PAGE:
Sivakasi tragedy: Mourning at Diwali this year

Reports indicate that facilities at the government hospitals at Sivakasi are far from satisfactory and inadequate, besides being poorly equipped. It is important that the state takes adequate measures for management of healthcare in local hospitals to ensure speedy treatment in case of emergencies 

This Diwali will be a day of national mourning for the people who lost their lives in the unfortunate Sivakasi tragedy at the Om Sakthi Fireworks factory on Wednesday, due to poor safety measures.

 

Reports indicate that so far 39 people have lost their lives, many of whom were neighbours working in the surrounding areas, who came to the site on hearing the explosions, the first of which was heard at 12.20pm and followed by another some 40 minutes later.

 

The Department of Explosives had, in fact, cancelled the license of the firm only one day earlier, apparently after several warnings were issued to the owners for not adhering to the minimum safety standards. As many as 40 violations had been found before necessitating the licence cancellation. Murugesan, the owner, and other responsible people of the unit are reported to have fled the scene of this unfortunate tragedy.

 

Sivakasi, in Tamil Nadu, is the home of India’s largest fireworks production, employing more than 40,000 workers directly in some 450 factories with a very large number of other workers involved in related services.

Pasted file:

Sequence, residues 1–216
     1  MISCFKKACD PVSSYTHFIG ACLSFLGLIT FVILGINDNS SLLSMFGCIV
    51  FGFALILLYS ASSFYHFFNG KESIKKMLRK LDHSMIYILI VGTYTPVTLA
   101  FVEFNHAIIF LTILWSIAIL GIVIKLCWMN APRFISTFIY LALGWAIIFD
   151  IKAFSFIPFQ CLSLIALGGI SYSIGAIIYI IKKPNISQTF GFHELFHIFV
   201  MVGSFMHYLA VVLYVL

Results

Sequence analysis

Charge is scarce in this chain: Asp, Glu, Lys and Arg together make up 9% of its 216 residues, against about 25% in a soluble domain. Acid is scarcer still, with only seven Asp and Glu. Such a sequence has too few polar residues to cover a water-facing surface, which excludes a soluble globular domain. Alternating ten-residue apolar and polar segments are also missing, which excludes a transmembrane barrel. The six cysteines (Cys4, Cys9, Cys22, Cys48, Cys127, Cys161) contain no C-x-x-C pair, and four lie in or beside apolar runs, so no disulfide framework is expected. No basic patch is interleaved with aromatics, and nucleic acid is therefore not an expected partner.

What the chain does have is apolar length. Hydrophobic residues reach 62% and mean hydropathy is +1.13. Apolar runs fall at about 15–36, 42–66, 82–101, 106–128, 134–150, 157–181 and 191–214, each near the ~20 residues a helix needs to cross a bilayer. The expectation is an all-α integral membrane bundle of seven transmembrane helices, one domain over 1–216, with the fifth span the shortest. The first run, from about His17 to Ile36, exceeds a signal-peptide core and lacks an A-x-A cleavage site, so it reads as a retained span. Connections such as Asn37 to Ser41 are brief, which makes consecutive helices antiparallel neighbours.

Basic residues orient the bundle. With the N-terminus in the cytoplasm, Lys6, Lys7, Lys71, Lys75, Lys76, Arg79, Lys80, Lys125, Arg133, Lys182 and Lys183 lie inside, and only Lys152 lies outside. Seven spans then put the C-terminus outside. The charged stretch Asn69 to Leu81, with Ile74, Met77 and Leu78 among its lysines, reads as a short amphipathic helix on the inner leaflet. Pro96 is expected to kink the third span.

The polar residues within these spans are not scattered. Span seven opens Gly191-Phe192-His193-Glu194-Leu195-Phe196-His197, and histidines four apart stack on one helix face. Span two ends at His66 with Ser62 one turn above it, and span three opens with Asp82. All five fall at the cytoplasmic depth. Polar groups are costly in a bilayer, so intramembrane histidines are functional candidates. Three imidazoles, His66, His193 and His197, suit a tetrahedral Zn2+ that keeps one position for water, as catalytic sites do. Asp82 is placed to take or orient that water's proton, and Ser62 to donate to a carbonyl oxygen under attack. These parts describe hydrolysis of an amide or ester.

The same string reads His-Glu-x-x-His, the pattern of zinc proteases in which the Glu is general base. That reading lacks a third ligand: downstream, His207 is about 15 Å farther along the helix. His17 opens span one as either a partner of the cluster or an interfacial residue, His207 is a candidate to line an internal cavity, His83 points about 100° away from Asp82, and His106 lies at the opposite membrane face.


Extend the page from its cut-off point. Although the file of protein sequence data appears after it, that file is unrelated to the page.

The safety inspectors and Fire Service Officers are permitted to demand the factory owners to either comply with safety norms required or stop the operations until the required measures are in place. So, instead of simply issuing the order for cancellation of the licence, the safety authorities ought to have enforced the rule of locking out the factory premises. Such a move would have made the factory owners to comply with the safety standards and the loss of lives could have been avoided.  

 

Further reports in the press and the news channels indicate that facilities at the government hospitals at Sivakasi are far from satisfactory and inadequate, besides being poorly equipped, considering the huge working population in these fireworks factories, many of which are on a small scale. Literally, everyone in this town is some way or other involved in the fireworks industry. This is a cottage industry, both licensed and many illegal and even underage children are reportedly employed in these units.

 

The accident victims, due to poor medical facilities available locally, had to be taken to Madurai by motor vehicles and other nearby areas, many of whom died after being admitted in the hospitals. They may have died because of the transit delays.

 

As is usual with such tragedies, TN chief minister Jayalalithaa has announced various compensation packages for the victims, for loss of life, injury, etc. While this is an important and humanitarian act, what is more realistic, for the future, is to ensure that the existing facilities at the local hospitals are improved.

 

It appears that the district administrator had sent in a proposal to the state government last year, involving a capital expenditure of Rs4 crore, against which a sanction for Rs60 lakh has been received, as per media reports.

 

While the compensation package may give relief to the families of the victims, the fact remains that measures for the future, to prevent such incidents occurring in the place of work has not been put in place.

 

Equally important, therefore, is the immediate government measures to close all the unlicensed units; close those who do not have safety standards in place; ensure all the employees in such sites have proper insurance cover; increase the number of fire engines and related personnel in the areas of work and direct the police to locate the owners and bring them to justice.

 

No excuses and no leniency in safety measures should be tolerated.

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